The invention is explained in detail with reference to the following example.
A granular mixture composed of 78 parts by weight of polyamide 6 and 22 parts by weight of polybutylene terephthalate was plastified together with 0.3 part by weight of polydimethylsiloxane (viscosity 1,000 mm2 /s 23° C.), in an extruder at a temperature of about 240° C. and was then extruded through an annular die to form a tubing having a diameter of 30 mm. The tubing, which was kept amorphous by chilling with a cooling mandrel, was immediately afterwards heated to the stretching temperature by means of infrared lamps. With the aid of a gas filling in the interior of the tubing, the tubing was stretched in both directions, thereby reducing its thickness and increasing its surface area and was heat set in this state. After laying flat, the tubing, having a flat width of 145 mm and a thickness of 36 /mm, was wound up.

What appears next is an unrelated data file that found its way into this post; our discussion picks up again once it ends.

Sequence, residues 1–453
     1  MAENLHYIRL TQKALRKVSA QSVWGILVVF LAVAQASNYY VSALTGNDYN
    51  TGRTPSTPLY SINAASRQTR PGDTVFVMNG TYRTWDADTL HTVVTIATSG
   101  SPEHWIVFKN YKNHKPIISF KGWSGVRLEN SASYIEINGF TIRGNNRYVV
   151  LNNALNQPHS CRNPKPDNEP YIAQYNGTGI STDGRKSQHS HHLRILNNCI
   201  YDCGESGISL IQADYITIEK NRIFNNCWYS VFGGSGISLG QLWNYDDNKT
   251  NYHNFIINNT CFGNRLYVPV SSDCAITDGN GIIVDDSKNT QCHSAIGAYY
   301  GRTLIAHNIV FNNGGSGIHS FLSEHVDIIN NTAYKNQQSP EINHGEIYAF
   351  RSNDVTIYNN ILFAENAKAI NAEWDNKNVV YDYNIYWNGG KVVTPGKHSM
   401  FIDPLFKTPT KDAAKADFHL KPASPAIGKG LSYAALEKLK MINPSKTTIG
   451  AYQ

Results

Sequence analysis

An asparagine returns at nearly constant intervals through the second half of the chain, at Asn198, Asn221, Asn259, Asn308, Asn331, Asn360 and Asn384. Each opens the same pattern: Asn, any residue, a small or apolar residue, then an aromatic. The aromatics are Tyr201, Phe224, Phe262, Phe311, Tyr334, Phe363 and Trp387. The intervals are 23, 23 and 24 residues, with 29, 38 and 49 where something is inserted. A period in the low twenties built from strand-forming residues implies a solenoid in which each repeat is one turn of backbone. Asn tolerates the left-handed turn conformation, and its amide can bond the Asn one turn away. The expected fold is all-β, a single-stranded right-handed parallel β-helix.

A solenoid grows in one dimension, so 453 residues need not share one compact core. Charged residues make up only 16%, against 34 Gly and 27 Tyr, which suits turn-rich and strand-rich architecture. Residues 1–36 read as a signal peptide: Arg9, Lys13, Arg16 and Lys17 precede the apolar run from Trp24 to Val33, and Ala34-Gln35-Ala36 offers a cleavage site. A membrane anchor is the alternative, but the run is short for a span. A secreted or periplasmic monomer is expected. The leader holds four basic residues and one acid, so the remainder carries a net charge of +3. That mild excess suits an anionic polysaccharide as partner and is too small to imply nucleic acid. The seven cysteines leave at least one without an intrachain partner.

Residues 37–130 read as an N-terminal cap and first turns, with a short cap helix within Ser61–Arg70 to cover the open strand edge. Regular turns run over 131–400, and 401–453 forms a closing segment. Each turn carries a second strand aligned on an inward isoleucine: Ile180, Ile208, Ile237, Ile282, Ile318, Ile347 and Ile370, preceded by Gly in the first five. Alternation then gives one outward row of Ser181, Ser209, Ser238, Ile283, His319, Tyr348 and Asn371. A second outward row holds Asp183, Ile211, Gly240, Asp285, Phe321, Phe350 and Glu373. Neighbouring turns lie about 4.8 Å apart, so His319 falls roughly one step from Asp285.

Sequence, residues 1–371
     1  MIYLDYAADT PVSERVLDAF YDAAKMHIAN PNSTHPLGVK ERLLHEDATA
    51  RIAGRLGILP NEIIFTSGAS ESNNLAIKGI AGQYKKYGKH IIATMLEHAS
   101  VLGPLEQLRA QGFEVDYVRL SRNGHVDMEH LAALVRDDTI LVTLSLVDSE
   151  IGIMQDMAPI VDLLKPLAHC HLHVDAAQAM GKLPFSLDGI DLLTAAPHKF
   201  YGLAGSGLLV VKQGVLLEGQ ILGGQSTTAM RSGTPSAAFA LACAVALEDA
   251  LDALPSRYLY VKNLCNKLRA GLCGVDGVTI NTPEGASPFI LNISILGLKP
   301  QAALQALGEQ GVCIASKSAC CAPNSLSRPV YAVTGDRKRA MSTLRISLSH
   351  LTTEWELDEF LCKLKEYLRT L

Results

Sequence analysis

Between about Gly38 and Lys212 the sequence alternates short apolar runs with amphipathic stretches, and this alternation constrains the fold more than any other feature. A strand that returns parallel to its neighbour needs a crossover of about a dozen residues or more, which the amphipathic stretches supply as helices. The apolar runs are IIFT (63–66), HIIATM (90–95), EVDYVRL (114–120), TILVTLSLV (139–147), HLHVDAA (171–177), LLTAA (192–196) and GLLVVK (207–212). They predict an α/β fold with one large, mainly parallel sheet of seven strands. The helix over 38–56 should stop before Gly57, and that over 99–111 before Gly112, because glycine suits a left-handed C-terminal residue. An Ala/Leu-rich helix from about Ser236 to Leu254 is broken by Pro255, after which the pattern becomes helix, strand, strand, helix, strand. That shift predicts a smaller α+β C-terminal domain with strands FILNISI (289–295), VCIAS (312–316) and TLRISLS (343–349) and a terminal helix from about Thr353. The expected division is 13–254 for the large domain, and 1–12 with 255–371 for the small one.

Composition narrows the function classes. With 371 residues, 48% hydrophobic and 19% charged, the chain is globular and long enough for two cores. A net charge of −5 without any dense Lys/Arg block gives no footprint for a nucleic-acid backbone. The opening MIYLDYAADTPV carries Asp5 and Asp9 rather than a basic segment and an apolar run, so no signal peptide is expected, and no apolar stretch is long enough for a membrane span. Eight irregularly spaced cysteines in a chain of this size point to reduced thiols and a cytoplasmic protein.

In order to test the resistance to deformation, a strip having a width of 1 cm was cut from the tubing in the transverse direction and was extended at 20° C. and also in water at 80° C., under a load of K1. The load K1 was calculated as follows: ##EQU1## wherein: p=internal pressure=0.04 N/mm2
r=half of diameter=45 mm
A=cross section=0.36 mm2
The following applies to the change of circumference, if
10 =length of the test strip prior to extension
11 =length after loading with K1 at 20° C.
12 =length after loading with K1 at 80° C. ##EQU2## When the test strip was unloaded after the two extension procedures, the new length 13 had values from 0.95.11 to 0.98.11.
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|U.S. Classification||428/34.8, 426/105, 426/135, 138/118.1|
|International Classification||B65D65/04, C08L67/00, C08L77/00, A22C13/00, C08L67/02|
|Cooperative Classification||A22C13/0013, Y10T428/1324|
|Dec 15, 1986||AS||Assignment|
Owner name: HOECHST AKTIENGESELLSCHAFT, FRANKFURT/MAIN, GERMAN
Free format text: ASSIGNMENT OF ASSIGNORS INTEREST.;ASSIGNOR:STRUTZEL, HANS;REEL/FRAME:004644/0909
Effective date: 19850924
Owner name: HOECHST AKTIENGESELLSCHAFT, A GERMAN CORP, GERMAN
Free format text: ASSIGNMENT OF ASSIGNORS INTEREST;ASSIGNOR:STRUTZEL, HANS;REEL/FRAME:004644/0909
Effective date: 19850924
|Aug 18, 1987||CC||Certificate of correction|
|Sep 17, 1990||FPAY||Fee payment|
Year of fee payment: 4
|Sep 20, 1994||FPAY||Fee payment|
Year of fee payment: 8
|Jul 27, 1998||FPAY||Fee payment|
Year of fee payment: 12